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Open Access Research article

Capacity mapping of national ethics committees in the Eastern Mediterranean Region

Alaa Abou-Zeid1, Mohammad Afzal1 and Henry J Silverman2*

Author affiliations

1 Research Policy and Cooperation Unit, Eastern Mediterranean Regional Office of the World Health Organization, Cairo, Egypt

2 University of Maryland School of Medicine, Baltimore, Maryland, USA

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Citation and License

BMC Medical Ethics 2009, 10:8  doi:10.1186/1472-6939-10-8

Published: 4 July 2009

Abstract

Background

Ethics issues in the areas of science, technology and medicine have emerged during the last few decades. Many countries have responded by establishing ethics committees at the national level. Identification of National Ethics Committees (NECs) in the Eastern Mediterranean (EM) region and the extent of their functions and capacity would be helpful in developing capacity building programs that address the needs of these committees. Accordingly, we conducted a survey to determine the characteristics of existing NECs in the EM region.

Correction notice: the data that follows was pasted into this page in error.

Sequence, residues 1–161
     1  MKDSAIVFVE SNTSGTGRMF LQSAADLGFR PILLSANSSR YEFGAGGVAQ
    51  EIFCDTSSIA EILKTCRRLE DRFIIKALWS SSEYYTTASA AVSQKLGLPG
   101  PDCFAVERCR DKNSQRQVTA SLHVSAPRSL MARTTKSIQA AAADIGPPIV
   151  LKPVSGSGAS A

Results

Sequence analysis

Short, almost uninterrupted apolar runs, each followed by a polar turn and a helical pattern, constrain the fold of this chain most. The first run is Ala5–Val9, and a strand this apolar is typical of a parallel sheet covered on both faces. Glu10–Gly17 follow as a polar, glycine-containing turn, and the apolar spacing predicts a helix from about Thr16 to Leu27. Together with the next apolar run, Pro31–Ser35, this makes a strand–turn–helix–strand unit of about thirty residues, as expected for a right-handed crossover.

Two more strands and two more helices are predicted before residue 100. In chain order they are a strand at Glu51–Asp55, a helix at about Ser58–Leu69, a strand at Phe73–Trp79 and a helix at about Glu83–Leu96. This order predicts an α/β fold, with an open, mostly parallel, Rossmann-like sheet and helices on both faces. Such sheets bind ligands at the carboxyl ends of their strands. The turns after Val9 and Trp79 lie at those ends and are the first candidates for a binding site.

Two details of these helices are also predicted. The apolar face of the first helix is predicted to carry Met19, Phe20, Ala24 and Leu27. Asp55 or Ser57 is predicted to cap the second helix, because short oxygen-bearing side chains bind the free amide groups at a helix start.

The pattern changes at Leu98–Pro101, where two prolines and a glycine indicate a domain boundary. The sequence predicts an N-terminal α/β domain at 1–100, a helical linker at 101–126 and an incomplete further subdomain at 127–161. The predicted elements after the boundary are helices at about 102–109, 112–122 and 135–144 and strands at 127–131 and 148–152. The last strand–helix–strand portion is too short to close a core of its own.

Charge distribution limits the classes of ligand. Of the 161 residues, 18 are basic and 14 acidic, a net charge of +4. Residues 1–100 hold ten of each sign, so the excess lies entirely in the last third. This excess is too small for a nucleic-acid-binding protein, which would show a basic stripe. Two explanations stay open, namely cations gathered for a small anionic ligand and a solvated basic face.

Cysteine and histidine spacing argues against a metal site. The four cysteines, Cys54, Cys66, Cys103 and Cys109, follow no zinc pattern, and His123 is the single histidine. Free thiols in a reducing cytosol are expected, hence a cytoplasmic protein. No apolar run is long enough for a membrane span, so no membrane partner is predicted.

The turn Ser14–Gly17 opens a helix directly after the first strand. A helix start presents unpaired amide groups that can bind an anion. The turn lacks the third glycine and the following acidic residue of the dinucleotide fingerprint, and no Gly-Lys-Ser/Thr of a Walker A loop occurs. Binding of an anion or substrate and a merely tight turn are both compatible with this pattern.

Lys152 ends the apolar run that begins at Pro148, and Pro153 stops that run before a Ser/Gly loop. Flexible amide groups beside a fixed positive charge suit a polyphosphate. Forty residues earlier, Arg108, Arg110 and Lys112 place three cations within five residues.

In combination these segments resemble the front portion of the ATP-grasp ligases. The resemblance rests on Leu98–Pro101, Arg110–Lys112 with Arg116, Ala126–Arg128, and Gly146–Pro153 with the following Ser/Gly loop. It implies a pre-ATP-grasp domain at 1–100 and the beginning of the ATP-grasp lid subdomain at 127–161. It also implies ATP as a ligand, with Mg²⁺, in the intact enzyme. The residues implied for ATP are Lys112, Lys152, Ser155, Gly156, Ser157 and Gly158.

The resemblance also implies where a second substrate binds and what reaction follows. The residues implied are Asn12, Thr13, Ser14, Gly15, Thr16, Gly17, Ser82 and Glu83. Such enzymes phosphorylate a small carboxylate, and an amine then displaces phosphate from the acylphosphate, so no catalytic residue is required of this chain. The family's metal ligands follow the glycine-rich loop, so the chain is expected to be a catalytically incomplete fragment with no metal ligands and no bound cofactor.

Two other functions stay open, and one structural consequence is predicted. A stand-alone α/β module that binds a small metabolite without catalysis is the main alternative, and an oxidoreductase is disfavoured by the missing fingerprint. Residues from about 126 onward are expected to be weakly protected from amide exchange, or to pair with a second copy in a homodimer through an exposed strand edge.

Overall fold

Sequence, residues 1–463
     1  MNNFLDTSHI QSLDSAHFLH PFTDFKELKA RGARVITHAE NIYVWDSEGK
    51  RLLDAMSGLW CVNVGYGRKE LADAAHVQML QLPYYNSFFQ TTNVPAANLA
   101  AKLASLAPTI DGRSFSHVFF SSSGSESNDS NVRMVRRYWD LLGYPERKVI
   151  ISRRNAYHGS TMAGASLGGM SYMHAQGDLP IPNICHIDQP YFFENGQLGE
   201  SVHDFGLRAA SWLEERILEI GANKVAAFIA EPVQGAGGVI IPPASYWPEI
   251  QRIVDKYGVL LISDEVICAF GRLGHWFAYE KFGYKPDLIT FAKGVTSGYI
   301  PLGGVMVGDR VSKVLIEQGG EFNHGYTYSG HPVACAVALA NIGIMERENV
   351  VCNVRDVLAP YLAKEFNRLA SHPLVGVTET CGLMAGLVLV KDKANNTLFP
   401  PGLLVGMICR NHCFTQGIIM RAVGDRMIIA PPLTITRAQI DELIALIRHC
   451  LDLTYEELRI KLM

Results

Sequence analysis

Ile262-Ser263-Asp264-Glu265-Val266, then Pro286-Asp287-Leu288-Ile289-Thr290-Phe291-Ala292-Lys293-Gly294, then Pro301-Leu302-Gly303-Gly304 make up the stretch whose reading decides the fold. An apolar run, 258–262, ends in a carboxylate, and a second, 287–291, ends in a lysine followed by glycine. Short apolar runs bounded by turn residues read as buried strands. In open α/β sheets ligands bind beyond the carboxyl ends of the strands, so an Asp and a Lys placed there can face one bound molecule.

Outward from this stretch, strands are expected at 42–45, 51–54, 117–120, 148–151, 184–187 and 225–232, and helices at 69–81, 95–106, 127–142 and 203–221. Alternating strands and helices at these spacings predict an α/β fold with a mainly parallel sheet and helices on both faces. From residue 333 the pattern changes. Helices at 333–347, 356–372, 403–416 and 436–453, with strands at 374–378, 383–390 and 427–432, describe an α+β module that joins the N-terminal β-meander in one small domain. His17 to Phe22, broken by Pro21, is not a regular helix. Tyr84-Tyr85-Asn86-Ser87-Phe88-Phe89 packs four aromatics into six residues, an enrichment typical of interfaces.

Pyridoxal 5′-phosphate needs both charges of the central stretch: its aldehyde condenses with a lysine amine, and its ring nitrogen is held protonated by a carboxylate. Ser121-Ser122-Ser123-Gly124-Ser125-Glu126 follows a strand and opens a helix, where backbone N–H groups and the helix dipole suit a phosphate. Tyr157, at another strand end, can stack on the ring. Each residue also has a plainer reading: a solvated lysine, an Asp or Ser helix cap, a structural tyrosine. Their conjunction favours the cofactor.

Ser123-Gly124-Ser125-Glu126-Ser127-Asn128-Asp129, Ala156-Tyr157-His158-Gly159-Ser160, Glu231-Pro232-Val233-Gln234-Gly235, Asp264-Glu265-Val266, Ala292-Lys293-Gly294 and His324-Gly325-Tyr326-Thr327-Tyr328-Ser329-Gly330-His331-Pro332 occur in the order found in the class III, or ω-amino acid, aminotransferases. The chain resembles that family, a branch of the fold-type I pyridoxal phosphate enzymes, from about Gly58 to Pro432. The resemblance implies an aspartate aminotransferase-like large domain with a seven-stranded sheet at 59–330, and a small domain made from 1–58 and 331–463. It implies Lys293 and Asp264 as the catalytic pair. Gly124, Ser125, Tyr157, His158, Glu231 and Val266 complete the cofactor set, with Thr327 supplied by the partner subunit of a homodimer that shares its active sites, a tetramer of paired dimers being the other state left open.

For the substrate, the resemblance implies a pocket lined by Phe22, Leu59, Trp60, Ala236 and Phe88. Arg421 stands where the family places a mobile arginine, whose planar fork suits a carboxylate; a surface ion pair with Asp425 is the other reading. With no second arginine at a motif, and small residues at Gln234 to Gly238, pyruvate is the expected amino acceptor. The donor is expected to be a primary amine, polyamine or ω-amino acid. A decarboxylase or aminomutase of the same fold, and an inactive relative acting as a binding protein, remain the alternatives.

Methods

We developed a questionnaire to collect information on different aspects of NECs. The questionnaire was sent to the WHO country office in each of the 22 Member States in the EM region. We used descriptive statistics to analyze the data.

Results

We obtained responses from 77% (17/22) of the EM countries; 88% (15/17) of the countries stated they had NECs. Of these NECs, 40% (6/15) were involved in the ethics of science and technology, 73% (11/15) in medical ethics, and 93% (14/15) in medical research ethics; 10 NECs stated they reviewed research protocols. Of the respondent NECs, 25% (4/15) met at least on a monthly basis. Regarding training, 21% of the members from all of the NECs had received formal training in ethics; 53% (8/15) of the NECs had none of their members with formal training in ethics. Regarding support, 33% (5/15) received financial support and 60% (9/15) had administrative support.

Conclusion

While many countries in the EM region report the existence of NECs, many meet infrequently, many have members without formal training in ethics, and many lack important financial and administrative resources. Further efforts should be directed towards capacity building programs that include ethics training and provision of important infrastructure resources for these committees.